Pamela Busch

PSBAfter graduating from the University of Pennsylvania in 1988, I spent a year in New York, working in publishing. Basically, like my other well-educated 21 – 25-year-old colleagues, I was a gopher. In an earlier time period I would have been called a secretary but – and this is my theory – since so many young men were doing the same menial tasks we were called assistants. After ten months I had enough so I left the country and worked and traveled in England and Israel.

By the fall of 1990, it was time to become an adult and plan the rest of my life so I moved back to New York and started the graduate school application stage of my life. Wine had become a hobby and fortuitously, I was hired to work the holidays at Astor Wines. That turned into a full-time gig in the new year. All set to start a history program at NYU in the fall, I spent the summer of 1991 on the west coast and that changed everything. Instead of embarking on an academic path, I continued on at Astor for the rest of the year and moved to San Francisco in January 1992.

It was not just the promise of California that made me rethink my career plans. I was lucky enough to work in an environment at Astor that was inspiring, cerebral and fun. The buyer and my mentor, Kevin McKenna, was a maverick and I realized that my intellectual curiosity could be fulfilled through a wine career. I also found that my love for wine was contagious and it was immensely gratifying to share both the juice and knowledge with others.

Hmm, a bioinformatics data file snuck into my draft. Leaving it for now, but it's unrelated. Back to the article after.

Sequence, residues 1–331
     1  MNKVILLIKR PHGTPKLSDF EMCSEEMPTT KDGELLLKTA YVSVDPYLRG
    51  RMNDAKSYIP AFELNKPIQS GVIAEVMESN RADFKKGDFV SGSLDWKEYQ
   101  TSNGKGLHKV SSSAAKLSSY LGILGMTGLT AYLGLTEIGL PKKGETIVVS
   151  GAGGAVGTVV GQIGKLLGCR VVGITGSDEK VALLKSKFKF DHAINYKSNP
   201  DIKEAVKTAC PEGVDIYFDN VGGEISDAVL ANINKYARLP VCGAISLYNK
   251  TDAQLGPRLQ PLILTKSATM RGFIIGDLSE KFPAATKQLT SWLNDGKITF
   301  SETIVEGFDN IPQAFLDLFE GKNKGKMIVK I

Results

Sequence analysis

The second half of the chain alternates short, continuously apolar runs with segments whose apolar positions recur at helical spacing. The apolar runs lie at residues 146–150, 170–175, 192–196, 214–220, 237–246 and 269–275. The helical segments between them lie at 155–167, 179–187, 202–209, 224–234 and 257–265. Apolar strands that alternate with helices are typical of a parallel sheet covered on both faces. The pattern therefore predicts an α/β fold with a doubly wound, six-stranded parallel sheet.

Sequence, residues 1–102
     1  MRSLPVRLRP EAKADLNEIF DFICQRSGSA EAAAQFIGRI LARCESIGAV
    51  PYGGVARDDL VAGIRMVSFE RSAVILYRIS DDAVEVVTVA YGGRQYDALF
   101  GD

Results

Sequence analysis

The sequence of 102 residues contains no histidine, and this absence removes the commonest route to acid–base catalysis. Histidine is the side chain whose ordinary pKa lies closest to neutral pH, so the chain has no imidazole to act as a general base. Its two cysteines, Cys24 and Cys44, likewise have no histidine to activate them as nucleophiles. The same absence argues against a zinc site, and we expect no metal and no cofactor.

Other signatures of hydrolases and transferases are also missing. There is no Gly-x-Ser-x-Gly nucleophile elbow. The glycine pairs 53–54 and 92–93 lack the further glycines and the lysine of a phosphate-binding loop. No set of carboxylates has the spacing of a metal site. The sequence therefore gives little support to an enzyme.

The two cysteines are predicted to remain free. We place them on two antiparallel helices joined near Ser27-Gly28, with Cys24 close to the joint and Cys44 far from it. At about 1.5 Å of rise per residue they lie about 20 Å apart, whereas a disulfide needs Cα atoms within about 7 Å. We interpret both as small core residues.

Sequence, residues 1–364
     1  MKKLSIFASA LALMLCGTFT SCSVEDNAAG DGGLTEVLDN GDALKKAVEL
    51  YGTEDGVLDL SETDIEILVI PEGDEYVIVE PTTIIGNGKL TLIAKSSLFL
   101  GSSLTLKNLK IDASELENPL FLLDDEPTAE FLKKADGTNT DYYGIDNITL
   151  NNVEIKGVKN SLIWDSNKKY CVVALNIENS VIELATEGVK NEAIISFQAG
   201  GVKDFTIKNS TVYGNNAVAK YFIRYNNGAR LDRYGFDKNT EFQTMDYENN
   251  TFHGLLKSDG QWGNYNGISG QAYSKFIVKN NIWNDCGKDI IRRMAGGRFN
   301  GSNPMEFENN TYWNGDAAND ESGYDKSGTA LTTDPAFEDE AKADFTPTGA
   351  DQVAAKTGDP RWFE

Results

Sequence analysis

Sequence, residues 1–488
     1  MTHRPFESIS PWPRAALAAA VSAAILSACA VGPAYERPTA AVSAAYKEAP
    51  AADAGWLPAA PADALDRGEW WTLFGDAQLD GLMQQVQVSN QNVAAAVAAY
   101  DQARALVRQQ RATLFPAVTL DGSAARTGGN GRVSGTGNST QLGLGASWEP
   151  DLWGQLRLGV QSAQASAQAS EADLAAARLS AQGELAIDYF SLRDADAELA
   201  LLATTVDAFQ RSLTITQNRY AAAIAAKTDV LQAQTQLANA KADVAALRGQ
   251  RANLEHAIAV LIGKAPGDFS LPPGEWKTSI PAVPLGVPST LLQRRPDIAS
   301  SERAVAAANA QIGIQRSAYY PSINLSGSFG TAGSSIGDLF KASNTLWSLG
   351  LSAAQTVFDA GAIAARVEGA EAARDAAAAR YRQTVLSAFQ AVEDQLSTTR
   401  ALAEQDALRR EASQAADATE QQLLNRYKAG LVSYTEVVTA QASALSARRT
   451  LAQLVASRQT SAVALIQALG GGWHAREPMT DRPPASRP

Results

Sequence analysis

What did I do with this? I spent a year working at Amelio’s, a formal French restaurant in North Beach. This was an 180-degree turn from Astor and while I knew pretty quickly I was not one to go down the “somm” route, the experience was invaluable and I learned a lot about classic wine regions.

I first encountered wine bars in London and elsewhere in Europe as a student in the 80’s and loved the concept. I thought about doing something similar in San Francisco and in 1994 the stars aligned when I met a like-minded person and we opened Hayes & Vine Wine Bar in Hayes Valley, what was then a rougher and not quite developed neighborhood. H&V was the first wine bar in San Francisco to serve an international selection of wines and our wine list was groundbreaking, setting the stage for many wine bars that came after us.

In 1997, I started teaching, at the suggestion of a friend who was a Master of Wine candidate. Originally, my students were restaurant and wine industry professionals but word got out and by 1998, I officially created “The Grapes of Path,” the first wine school I know of in the Bay Area. While teaching I also became interested in filmmaking and I wrote about wine and film for local and national publications including The San Francisco Examiner, Wine and Spirits Magazine and San Francisco Frontiers.

By 2003, I felt the calling to open another wine bar but this time one with a full kitchen. After two years this idea came fruition when Tadd Cortell (Monarch) and I opened CAV Wine Bar on Market Street. CAV was one of the first venues in San Francisco where natural wines were served. In 2007, we received a glowing three-star review from Michael Bauer of the San Francisco Chronicle praising both the food and wine selection.

A month before CAV opened its doors, I was asked to cover wine for The San Francisco Examiner. For ten years, I wrote a weekly column focused on different regions, grapes and trends. I also wrote about wine events for San Francisco Travel from 2013 – 2015.

However, the continuation of my path as a wine professional has most directly led to The Vinguard. While I’ve always been interested in wine as it relates to the environment, health, economics and social concerns, it has become more of a factor in my thinking and I spend a lot of time researching and writing about these topics. 

When not immersed in wine, I still enjoy film and spend far too much time following basketball, baseball and politics, and having staring contests with my cat. He usually wins.

Also, PSB is a nickname. One of the few that I care to share.